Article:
Despite forest fire smoke being trapped in the Okanagan Valley much of this summer, the tourism marketing mantra of “still open for business” hasn’t been quieted.
While acknowledging that the smoke has caused some trip cancellations in local hotels/motels and tourist package operators, tourism officials across the valley say the tourism measuring indicators are still showing positive growth.
They point to “realtime” social media photos and activity postings that help showcase the region as a place that has more diverse tourism experiences than beaches and peaches has been successful.
“We understand these circumstances can bring negative media attention, we encourage you to remain accurate in your messaging, and to use clear and up-to-date messaging from official sources only,” said a letter sent to Okanagan tourism stakeholders Aug. 15 by Thompson Okanagan Tourism Association president and CEO Glenn Mandziuk.
“Our messaging will continue to focus on being open for business and providing information on the many activities and areas to enjoy throughout the Thompson Okanagan.”
The realtime marketing philosophy was started by the Penticton Tourism Association as a way to counter initial negative fallout from local wildfires by reinforcing the many activities available that the smoke doesn’t impact.
“The one thing we can’t control is the weather. So for people with health issues regarding bad air quality, they should probably stay away, but otherwise people are still on the beaches, people are still out on the watercraft in the lakes,” said Tom Tischik, with the Penticton Tourism office.
“We have about 400 people a day stopping by our visitor booth on the beach and that’s not even our main visitor centre location.”
He just returned from a tourism conference in Calgary last Thursday, where he said the Alberta city had more intense smoke issues than here in the Okanagan.
“I was chatting with a WestJet person on the flight and she told me their flights have not been affected by the smoke and their numbers are pretty consistent with where they have been in past years. And the flights I took in and out of Calgary were both full,” he said.
“Those are pretty positive indicators.”
Tischik says the realtime social media efforts are not meant to mislead people, but rather offer a positive and truthful message to put potential visitors at ease.
In Vernon, tourism is booming with a 7.5 per cent increase in the regional hotel sales tax as of May over what was a record year in 2016, and initial indications are June, July and August results won’t alter that trend.
Angeline Chew, tourism manager for the City of Vernon, said the North Okanagan has a history of sometimes being overshadowed by the Central Okanagan and the Shuswap regions, but she says that is changing.
“We have for the last three years been pushing to extend our summer season beyond July and August, and expanding on our weaker winter season,” Chew said.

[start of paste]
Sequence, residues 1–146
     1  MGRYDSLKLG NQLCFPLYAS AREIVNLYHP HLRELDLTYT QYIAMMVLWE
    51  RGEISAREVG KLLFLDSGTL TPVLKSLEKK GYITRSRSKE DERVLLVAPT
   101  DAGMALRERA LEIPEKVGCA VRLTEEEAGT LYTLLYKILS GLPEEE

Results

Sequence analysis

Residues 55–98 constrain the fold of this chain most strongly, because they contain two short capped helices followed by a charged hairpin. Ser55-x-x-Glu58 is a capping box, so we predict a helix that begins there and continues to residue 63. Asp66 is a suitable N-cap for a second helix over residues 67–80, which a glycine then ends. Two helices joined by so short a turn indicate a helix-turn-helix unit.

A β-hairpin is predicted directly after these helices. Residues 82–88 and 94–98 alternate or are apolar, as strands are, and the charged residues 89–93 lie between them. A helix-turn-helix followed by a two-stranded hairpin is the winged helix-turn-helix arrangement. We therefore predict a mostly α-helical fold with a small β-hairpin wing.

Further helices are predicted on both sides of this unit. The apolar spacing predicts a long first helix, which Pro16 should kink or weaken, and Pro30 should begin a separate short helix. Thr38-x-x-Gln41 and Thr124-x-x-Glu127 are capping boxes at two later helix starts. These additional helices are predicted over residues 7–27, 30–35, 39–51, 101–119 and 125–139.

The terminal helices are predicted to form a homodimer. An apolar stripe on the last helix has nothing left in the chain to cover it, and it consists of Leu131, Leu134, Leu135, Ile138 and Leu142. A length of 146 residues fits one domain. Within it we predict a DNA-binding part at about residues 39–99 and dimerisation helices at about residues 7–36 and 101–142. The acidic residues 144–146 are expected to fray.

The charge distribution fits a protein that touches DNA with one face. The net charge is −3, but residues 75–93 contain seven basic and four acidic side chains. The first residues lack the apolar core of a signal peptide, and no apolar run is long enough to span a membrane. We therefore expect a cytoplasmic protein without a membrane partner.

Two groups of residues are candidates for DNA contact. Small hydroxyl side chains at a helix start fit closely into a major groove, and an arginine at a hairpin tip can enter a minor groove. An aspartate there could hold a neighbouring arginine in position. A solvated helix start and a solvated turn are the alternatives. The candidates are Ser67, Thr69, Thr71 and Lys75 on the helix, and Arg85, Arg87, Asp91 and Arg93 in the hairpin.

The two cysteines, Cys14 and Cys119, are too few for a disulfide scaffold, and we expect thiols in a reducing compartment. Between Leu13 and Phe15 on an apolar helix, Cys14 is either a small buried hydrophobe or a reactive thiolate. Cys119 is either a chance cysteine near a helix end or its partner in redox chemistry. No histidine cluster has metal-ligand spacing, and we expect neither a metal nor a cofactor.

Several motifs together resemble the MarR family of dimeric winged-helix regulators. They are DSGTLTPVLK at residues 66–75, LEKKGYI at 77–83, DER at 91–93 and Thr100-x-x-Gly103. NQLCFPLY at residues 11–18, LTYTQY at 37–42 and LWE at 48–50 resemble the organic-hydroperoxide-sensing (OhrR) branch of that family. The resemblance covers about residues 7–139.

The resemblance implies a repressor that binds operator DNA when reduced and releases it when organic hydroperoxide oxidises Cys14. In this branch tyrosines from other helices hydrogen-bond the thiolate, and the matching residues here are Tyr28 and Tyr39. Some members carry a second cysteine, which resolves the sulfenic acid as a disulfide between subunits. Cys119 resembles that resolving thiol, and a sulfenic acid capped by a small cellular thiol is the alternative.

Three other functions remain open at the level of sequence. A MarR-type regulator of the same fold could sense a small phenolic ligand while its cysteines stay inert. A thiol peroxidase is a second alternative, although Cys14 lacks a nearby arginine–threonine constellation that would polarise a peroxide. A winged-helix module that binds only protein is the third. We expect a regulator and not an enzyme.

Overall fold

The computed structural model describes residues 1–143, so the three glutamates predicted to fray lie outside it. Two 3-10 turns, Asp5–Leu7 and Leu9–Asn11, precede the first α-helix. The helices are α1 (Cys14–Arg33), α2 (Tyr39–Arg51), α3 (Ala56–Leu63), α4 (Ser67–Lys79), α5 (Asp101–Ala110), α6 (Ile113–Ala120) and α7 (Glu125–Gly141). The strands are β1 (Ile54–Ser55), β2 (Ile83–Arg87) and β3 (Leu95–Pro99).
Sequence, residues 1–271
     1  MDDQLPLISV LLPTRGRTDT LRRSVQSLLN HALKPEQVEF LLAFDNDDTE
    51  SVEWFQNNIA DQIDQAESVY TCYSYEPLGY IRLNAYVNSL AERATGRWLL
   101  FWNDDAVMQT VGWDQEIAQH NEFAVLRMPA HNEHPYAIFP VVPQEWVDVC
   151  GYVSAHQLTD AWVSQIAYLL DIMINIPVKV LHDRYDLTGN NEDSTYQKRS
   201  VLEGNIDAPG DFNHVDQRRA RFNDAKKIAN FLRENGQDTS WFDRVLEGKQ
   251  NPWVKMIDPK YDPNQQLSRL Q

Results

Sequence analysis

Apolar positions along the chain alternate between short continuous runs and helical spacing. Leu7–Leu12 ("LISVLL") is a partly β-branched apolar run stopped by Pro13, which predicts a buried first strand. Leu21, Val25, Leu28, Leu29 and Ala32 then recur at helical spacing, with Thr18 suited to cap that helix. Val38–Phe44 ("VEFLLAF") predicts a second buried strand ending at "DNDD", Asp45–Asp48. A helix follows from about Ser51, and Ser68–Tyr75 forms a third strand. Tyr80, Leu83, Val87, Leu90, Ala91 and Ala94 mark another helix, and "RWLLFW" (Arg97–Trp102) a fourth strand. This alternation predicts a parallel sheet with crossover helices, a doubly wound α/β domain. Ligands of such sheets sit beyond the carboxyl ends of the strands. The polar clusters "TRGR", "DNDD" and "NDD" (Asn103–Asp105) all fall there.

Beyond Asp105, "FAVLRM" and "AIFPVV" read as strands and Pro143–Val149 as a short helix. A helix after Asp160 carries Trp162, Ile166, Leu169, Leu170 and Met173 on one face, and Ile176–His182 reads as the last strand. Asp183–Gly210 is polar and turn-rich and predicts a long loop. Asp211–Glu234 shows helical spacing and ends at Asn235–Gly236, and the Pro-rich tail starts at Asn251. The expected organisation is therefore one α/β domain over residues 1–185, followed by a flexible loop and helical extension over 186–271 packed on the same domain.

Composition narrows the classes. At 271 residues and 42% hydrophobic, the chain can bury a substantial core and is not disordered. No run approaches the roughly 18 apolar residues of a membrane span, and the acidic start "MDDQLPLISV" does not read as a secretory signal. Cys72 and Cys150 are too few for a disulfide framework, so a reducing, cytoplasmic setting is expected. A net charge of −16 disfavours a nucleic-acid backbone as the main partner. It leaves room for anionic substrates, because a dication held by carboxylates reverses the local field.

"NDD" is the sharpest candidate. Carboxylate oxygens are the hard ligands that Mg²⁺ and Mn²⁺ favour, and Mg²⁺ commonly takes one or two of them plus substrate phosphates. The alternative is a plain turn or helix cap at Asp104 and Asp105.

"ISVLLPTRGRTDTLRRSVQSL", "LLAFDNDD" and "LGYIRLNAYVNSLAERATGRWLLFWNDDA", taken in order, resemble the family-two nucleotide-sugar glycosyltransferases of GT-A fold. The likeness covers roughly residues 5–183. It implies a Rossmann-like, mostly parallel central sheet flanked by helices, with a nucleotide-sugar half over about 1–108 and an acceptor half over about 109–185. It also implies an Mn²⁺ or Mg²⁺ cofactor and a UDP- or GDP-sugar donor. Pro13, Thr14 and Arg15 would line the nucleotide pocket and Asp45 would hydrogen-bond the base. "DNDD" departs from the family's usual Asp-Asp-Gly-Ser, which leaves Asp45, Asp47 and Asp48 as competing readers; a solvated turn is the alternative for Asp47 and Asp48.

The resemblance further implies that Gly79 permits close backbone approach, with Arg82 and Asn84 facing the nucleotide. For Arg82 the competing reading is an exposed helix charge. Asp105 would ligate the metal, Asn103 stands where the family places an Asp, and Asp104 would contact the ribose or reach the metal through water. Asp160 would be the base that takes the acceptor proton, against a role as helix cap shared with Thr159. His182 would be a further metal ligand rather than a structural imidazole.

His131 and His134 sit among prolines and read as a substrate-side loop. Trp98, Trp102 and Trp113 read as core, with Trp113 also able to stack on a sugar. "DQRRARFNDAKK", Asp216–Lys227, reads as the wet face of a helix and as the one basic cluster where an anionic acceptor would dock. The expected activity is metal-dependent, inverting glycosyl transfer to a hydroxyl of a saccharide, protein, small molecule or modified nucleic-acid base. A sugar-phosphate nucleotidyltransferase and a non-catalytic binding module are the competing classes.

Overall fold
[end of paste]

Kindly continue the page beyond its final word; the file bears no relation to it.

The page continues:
“We have the product now to offer, especially in winter with Silver Star and cross country skiing, and we can be a destination point in summer with access to so many tourist activity options. We are the little guy right now but we are growing.”
Kelowna Tourism manager Lisanne Ballantyne said wildfires and smoke are a reality that local tourism business operators and visitors are now accustomed to.
Ballantyne says hotel/motel monthly surveys show about 75 per cent response of cancellations this month due to the smoky conditions, but still 80 per cent also reported doing better than last year.
“Last year we had a fantastic September and that made up for what we lost during the summer, so if the same thing happens again this year, what has been lost so far can be made up,” she said.
In Kelowna, Ballantyne said the realtime focus has been on the Washington and Alberta visitor markets, to keep potential visitors on track to still follow through on their plans to visit the Okanagan.
Equally important, she adds, is capitalizing on every opportunity to communicate directly with tourists now here, to enhance their vacation experience.
“We are fortunate here in Kelowna to have a new visitor centre. When people come here they don’t want to be influenced by other travellers, they want to talk with people who live here and can ask when the sky looks a little hazy on a particular day, ‘what else can I do?’” she said.
“That interaction is very important for us and the new visitor centre really offers an opportunity for us to take advantage of that.”
Ballantyne believes Kelowna tourism continues to diversify, which is a key to overcoming the influence of weather.
“We don’t want the bulk of our business to be subject to the whim of the weather. We are moving into a four-season tourism strategy for Kelowna, and for the first time we will be launching major marketing campaigns for this winter,” Ballantyne said.
“We feel we are market ready and there is enough product out there to entice tourists to come here more in the winter. Now is the time to start it.”
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